DHS has announced that as of July 31, 2003, employers no longer will have the ability to administer I-9s remotely. This makes no sense to employers in the world of remote work. Many employers don't have trained I-9 administrators at locations where remote employees are hired. Employers' frustration is amplified by DHS's newly announced requirement that in addition to no ability to administer I-9 remotely, by August 30, 2023, employers must physically examine all the I-9 documents inspected. We are anxiously awaiting for DHS to issue a new rule that would hopefully fix this situation. Meanwhile, what does an employer do, in additional to tearing their hair out? Options are not great, but not acting is not optional, so here they are, in the order of bad to also not great:
Train new I-9 Administrators at locations where you need them.
Train any employees or contractors you may have at remote locations and designate them as your I-9 agents.
Travel to do I-9s pr bring the new worker to where you have trained -9 administrators
Other remote services, and make sure that they are I-9 administrators, so ask for their training certificates and updated your Corporate Immigration Compliance records;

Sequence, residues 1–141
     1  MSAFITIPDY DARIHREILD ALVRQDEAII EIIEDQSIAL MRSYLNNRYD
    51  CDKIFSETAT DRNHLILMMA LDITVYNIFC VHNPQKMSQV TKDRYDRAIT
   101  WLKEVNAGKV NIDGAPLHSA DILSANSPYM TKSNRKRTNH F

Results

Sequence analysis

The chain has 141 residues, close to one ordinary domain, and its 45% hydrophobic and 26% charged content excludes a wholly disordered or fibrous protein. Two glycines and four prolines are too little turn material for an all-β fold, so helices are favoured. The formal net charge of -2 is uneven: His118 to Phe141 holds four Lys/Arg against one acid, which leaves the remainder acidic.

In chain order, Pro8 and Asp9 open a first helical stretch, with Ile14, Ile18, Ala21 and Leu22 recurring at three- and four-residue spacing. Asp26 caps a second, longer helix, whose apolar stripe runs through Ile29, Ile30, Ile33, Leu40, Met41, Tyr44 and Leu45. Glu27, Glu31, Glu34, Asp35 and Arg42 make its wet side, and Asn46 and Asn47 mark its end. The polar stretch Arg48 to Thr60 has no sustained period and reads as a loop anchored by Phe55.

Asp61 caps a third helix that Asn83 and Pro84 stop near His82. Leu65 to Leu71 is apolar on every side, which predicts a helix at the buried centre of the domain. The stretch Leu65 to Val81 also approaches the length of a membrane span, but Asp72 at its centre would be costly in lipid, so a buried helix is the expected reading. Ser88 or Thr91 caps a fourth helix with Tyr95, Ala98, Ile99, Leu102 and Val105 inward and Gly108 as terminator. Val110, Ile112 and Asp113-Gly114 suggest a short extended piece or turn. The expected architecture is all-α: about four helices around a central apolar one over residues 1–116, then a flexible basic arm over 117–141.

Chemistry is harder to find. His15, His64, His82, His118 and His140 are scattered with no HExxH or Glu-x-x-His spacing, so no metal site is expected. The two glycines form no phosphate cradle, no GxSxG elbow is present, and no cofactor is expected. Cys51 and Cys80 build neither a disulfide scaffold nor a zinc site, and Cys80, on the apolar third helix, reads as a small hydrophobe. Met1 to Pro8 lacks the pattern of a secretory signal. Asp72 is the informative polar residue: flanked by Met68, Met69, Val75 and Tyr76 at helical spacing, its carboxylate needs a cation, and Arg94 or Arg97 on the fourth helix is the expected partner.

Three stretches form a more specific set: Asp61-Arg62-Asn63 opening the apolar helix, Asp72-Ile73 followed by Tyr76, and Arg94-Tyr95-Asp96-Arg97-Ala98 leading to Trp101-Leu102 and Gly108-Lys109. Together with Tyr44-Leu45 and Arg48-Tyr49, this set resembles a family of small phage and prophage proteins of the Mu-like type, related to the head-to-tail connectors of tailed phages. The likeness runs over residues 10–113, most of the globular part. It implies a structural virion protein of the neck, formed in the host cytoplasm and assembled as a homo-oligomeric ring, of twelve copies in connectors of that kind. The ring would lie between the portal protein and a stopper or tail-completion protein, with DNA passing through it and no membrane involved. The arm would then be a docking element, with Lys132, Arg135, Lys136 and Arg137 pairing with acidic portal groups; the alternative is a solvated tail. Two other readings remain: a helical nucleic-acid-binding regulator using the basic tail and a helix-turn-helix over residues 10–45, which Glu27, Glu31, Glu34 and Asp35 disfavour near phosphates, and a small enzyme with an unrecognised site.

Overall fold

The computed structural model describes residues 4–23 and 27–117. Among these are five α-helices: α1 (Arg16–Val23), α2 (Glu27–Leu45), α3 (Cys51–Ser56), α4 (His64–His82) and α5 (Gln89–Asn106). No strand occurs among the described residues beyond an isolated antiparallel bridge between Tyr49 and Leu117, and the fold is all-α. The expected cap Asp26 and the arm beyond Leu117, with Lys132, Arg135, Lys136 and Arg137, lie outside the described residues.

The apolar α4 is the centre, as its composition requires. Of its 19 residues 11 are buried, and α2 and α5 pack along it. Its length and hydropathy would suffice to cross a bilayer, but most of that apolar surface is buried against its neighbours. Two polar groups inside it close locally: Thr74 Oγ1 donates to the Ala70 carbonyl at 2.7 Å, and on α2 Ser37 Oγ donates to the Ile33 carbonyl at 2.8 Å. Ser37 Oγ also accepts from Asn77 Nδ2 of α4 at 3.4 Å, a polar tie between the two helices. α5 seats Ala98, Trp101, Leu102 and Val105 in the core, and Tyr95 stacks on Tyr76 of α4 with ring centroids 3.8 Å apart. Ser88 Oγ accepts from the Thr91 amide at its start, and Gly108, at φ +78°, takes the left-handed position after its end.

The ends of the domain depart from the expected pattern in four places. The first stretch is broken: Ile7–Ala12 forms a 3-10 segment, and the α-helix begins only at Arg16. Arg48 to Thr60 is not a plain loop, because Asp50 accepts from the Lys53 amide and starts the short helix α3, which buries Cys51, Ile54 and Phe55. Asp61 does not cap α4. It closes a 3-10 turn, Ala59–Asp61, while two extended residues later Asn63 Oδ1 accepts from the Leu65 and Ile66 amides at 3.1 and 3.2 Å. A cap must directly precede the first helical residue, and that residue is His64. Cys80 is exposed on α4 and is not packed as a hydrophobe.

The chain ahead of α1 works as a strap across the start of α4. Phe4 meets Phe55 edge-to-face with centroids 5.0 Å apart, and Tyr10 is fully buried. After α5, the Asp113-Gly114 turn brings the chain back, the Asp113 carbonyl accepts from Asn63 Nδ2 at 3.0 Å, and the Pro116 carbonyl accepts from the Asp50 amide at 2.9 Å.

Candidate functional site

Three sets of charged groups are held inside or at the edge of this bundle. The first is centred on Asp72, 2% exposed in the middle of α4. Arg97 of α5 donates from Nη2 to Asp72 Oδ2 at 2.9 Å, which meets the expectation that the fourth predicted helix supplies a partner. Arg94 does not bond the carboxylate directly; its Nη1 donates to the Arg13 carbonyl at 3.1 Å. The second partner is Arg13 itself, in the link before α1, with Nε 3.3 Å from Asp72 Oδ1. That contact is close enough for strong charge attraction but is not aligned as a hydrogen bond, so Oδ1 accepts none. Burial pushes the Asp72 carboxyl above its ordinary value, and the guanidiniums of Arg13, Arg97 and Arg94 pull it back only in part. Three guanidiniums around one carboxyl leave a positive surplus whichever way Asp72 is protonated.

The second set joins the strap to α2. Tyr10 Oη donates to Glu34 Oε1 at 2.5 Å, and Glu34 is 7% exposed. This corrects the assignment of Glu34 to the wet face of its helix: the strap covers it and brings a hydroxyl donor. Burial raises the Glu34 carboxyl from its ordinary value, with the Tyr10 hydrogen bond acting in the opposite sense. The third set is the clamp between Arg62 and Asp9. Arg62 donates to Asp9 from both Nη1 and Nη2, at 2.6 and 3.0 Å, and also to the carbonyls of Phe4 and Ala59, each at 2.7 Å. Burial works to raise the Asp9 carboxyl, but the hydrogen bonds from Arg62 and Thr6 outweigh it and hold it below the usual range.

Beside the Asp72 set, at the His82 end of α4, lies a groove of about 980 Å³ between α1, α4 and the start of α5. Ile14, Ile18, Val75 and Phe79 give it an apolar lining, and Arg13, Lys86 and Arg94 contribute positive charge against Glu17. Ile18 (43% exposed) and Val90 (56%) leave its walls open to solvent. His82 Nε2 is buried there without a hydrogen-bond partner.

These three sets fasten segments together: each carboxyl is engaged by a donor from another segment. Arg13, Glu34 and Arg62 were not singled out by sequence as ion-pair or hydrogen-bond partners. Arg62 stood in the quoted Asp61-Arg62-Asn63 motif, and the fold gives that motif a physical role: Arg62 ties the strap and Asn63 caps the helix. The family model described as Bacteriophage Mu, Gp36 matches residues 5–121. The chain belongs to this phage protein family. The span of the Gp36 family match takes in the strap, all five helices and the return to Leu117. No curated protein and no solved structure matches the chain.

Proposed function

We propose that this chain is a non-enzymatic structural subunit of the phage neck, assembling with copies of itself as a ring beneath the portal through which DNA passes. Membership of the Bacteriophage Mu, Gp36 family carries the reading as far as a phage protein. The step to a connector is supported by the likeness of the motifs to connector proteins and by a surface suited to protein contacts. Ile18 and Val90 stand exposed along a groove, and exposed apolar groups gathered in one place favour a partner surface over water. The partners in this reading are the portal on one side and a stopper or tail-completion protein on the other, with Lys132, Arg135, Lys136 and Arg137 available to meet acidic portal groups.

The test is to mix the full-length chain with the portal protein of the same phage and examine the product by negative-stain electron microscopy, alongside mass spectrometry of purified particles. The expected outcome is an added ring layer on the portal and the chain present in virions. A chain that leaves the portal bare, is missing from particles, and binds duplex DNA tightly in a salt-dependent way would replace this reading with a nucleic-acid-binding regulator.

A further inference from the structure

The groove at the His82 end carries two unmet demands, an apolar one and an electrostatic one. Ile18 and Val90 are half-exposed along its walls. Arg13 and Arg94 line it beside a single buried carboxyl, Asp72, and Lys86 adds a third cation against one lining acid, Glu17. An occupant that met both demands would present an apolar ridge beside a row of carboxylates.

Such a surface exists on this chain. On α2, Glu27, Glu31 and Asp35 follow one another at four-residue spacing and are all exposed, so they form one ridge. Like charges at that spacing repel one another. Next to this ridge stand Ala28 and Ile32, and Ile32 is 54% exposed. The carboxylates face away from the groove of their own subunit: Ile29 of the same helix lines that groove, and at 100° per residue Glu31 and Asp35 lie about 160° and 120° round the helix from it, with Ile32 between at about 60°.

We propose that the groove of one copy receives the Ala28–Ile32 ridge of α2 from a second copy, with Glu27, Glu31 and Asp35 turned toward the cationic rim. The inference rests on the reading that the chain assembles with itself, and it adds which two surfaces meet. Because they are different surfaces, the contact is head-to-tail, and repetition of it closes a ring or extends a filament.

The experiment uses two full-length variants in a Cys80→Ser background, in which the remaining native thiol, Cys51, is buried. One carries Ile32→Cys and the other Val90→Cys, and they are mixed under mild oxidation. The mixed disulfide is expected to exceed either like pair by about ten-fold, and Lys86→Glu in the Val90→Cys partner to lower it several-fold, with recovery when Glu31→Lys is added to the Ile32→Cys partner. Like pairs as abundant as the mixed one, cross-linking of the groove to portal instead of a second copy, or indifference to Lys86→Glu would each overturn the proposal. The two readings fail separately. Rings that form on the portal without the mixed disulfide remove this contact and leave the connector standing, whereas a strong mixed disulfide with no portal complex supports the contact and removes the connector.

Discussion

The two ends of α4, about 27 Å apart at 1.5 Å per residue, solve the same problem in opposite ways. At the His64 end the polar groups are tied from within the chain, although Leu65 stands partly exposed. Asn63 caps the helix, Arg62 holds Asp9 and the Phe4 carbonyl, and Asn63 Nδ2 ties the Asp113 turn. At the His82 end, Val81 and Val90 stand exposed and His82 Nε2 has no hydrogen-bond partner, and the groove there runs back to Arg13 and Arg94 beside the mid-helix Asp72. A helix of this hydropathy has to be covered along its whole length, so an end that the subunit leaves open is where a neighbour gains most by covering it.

Ship documents around (the worst!).
Reach out to DHS and let them know all of the above are not viable options and we need the Remote I-9 Capability Back.
Options that are tempting but nor recommended:
Notaries! Not a great idea, unless they receive I-9 administrator training, because notaries are not trained to administer I-9 and ICE requires employer allow only those who have received I-9 training administer I-9s.
Do not ignore the requirements. No matter how preposterous and onerous DHS's requirements are, employers have an obligation to show good faith compliance.
Available resources include:
Government updates: www.uscis.gov
Corporate Immigration Compliance Institute: www.usimmigrationcompliance.com
Mdivani Business Immigration Lawyer